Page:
Access Now helps you helps you tell the government of the United Arab Emirates to release human rights blogger Ahmed Mansoor. What did Mr. Mansoor supposedly do? Well, let's look at the charges: he did time in 2011 for insulting the President, Vice President, and Crown Prince of the UAE, and now he's charged with "publish(ing) false information that damages the country's reputation" and "spread(ing) hatred and sectarianism" on social media. So, in order, that's one charge only a snowflake government would file and two charges snowflake governments make up to punish folks who resist them. On the latter two charges the UAE has held Mr. Mansoor in solitary for three months, without access to a lawyer or his family, apparently because the state's too good for law and order. So let's wield the Big Stick of Bad PR against the UAE. (And, ah, if you're tempted to say this Can't Happen Here, recall that some Americans want to outlaw "fake news" and our own snowflake President wants "tougher libel laws.")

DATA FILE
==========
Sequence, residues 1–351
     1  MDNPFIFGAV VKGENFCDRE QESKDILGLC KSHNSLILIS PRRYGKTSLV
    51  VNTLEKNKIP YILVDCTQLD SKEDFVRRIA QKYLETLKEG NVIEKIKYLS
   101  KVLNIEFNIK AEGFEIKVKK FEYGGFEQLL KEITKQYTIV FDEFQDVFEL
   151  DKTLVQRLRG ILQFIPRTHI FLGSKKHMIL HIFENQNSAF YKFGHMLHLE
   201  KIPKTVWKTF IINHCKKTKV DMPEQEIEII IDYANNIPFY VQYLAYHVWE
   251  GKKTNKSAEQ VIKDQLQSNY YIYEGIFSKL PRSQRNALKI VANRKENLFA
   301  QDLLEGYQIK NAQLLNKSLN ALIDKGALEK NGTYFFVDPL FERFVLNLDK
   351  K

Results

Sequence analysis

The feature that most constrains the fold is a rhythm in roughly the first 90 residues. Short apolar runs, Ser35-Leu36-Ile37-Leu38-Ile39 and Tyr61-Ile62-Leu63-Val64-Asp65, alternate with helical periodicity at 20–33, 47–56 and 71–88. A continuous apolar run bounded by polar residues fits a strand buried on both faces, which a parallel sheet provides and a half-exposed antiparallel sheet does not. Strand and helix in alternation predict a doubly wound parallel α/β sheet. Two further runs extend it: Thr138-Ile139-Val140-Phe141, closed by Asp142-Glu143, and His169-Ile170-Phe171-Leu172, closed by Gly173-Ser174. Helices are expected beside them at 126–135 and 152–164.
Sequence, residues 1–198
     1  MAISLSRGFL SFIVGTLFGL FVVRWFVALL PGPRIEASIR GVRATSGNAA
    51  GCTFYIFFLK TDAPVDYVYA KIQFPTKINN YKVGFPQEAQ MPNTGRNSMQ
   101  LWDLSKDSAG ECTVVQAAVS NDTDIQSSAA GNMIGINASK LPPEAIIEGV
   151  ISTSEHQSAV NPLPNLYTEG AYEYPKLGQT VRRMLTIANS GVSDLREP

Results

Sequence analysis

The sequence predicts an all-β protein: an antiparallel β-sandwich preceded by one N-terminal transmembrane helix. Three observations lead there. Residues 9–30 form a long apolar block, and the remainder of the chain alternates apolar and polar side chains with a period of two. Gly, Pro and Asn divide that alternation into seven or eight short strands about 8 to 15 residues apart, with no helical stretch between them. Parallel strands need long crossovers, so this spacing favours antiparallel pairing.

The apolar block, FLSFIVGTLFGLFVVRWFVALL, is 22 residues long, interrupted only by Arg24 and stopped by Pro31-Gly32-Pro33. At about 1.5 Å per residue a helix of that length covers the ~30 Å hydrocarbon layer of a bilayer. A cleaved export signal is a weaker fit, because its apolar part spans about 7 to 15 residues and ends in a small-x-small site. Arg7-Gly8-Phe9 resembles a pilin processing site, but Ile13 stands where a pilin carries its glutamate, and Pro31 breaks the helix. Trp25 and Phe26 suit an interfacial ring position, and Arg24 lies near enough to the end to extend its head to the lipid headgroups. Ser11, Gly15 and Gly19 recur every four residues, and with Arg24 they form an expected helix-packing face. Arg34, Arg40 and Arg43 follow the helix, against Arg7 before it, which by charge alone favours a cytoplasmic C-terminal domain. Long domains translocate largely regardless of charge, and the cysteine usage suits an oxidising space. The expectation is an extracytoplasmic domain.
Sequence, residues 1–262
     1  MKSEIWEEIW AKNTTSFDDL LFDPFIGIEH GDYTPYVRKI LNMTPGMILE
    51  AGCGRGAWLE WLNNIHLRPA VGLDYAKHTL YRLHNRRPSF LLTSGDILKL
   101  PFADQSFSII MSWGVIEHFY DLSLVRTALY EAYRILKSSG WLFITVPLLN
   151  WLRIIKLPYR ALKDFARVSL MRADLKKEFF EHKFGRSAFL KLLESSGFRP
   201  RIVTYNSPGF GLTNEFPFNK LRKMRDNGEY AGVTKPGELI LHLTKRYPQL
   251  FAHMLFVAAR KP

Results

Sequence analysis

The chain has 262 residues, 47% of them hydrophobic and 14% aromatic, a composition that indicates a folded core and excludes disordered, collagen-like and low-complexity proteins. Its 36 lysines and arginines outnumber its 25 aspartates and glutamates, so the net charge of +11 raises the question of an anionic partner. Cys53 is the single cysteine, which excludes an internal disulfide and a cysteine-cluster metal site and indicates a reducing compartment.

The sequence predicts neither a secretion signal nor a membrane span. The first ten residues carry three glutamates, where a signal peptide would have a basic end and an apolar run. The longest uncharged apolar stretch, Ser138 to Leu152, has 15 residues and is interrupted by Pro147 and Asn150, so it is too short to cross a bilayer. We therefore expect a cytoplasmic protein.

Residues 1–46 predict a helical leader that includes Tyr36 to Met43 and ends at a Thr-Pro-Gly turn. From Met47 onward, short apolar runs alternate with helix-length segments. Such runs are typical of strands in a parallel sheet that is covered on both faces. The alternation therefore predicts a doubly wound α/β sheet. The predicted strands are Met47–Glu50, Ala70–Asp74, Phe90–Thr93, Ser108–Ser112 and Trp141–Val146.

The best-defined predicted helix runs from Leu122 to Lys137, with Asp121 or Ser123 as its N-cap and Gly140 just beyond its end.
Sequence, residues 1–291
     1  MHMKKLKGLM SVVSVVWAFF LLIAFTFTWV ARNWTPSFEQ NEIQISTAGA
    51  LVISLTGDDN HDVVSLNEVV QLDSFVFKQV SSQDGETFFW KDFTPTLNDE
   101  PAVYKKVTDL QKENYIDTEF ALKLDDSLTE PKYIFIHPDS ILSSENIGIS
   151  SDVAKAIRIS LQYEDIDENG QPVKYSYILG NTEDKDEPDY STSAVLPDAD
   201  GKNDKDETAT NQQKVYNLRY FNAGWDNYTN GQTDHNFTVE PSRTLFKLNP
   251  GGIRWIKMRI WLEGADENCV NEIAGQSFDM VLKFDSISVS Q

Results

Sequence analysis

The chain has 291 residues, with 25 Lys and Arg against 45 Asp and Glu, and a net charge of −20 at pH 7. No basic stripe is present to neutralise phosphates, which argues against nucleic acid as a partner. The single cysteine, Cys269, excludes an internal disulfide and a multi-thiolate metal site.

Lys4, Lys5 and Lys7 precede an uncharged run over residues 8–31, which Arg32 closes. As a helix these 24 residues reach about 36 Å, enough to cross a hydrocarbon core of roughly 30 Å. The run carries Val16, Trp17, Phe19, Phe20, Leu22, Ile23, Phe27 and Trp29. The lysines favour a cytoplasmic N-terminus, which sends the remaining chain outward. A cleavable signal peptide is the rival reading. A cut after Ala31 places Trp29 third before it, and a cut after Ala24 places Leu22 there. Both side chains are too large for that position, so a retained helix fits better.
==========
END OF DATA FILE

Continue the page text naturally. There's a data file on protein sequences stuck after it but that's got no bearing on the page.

Meanwhile, H.R. 1299, the Berta Caceres Human Rights in Honduras Act, still awaits Congressional consideration, so the Sierra Club helps you tell your Congressfolk to support human rights in Honduras by supporting H.R. 1299. H.R. 1299 would use that vaunted leverage we have that we never seem to use at the right time: it would cut off military and financial aid to soldiers or police in Honduras until such time as they stop killing activists. Berta Caceres is, of course, the famous Honduran activist who got killed in her own home last year, and since the 2009 coup, when right-wing militarists ousted the left-leaning and democratically-elected President of Honduras, over 100 such activists have died under, shall we say, mysterious circumstances. Our government may have sat back and watched the Honduran coup under President Obama, but that doesn't mean we stop doing the right thing, and it doesn't mean we wait for our government's permission to act, either.